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|Title:||Security Framework for Managing Data Security within Point of Care Tests|
|Keywords:||Point of Care Testing;Data Security;Security Framework;Threat Model|
|Publisher:||Scientific Research Publishing|
|Citation:||Journal of Software Engineering and Applications|
|Abstract:||Point of Care (PoC) devices and systems can be categorized into three broad classes (CAT 1, CAT 2, and CAT 3) based on the context of operation and usage. In this paper, the categories are defined to address certain usage models of the PoC device. PoC devices that are used for PoC testing and diagnostic applications are defined CAT 1 devices; PoC devices that are used for patient monitoring are defined as CAT 2 devices (PoCM); PoC devices that are used for as interfacing with other devices are defined as CAT 3 devices (PoCI). The PoCI devices provide an interface gateway for collecting and aggregating data from other medical devices. In all categories, data security is an important aspect. This paper presents a security framework concept, which is applicable for all of the classes of PoC operation. It outlines the concepts and security framework for preventing security challenges in unauthorized access to data, unintended data flow, and data tampering during communication between system entities, the user, and the PoC system. The security framework includes secure layering of basic PoC system architecture, protection of PoC devices in the context of application and network. Developing the security framework is taken into account of a thread model of the PoC system. A proposal for a low-level protocol is discussed. This protocol is independent of communications technologies, and it is elaborated in relation to providing security. An algorithm that can be used to overcome the threat challenges has been shown using the elements in the protocol. The paper further discusses the vulnerability scanning process for the PoC system interconnected network. The paper also presents a four-step process of authentication and authorization framework for providing the security for the PoC system. Finally, the paper concludes with the machine to machine (M2M) security viewpoint and discusses the key stakeholders within an actual deployment of the PoC system and its security challenges.|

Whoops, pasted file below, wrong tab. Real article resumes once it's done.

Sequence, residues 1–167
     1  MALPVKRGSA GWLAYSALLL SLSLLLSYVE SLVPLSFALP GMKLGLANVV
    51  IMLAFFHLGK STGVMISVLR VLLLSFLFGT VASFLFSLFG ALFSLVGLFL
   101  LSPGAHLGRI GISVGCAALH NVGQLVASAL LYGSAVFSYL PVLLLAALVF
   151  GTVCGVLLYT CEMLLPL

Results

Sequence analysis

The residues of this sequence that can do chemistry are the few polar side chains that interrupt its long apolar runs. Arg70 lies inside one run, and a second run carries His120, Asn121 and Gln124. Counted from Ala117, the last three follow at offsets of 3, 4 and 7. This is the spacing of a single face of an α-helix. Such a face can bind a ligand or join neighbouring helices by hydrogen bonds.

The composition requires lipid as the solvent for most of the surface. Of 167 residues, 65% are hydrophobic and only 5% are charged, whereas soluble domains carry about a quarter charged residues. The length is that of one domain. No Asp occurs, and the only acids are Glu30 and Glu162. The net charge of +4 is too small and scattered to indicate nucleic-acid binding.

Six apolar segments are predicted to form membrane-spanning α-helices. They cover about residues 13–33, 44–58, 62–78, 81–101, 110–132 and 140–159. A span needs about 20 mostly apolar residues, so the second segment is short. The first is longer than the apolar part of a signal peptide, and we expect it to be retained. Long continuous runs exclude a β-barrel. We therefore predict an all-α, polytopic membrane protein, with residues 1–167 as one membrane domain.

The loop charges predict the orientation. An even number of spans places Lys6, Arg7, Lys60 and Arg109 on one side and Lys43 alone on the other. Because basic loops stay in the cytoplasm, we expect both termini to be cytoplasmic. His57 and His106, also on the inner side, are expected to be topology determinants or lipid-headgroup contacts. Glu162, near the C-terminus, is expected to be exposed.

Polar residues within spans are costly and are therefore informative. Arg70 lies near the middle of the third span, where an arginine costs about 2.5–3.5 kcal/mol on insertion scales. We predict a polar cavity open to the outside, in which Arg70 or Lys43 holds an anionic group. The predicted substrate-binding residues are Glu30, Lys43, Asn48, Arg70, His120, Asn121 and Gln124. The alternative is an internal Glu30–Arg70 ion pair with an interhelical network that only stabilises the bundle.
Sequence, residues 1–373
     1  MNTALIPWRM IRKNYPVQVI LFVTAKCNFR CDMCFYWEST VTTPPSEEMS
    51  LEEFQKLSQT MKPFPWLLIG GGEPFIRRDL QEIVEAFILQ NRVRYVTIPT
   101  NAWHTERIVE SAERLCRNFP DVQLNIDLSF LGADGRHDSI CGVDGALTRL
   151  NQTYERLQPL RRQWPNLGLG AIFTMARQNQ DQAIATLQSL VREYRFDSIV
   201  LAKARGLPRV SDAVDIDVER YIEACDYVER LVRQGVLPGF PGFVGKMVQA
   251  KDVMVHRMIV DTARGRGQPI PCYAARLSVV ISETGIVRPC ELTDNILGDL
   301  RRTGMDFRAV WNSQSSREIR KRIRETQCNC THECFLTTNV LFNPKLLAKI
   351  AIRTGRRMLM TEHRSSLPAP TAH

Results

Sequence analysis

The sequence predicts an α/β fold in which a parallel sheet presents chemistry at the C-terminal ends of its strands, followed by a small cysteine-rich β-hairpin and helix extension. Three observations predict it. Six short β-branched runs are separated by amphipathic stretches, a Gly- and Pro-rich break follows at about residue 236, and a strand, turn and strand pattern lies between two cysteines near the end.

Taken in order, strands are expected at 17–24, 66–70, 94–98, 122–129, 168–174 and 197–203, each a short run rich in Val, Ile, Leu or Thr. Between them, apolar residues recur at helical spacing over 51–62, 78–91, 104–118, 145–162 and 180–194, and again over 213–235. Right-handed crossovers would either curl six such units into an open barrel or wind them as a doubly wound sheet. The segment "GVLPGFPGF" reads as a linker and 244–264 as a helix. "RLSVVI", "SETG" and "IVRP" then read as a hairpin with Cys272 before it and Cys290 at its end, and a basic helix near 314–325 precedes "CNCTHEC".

|Appears in Collections:||Dept of Electronic and Computer Engineering Research Papers|
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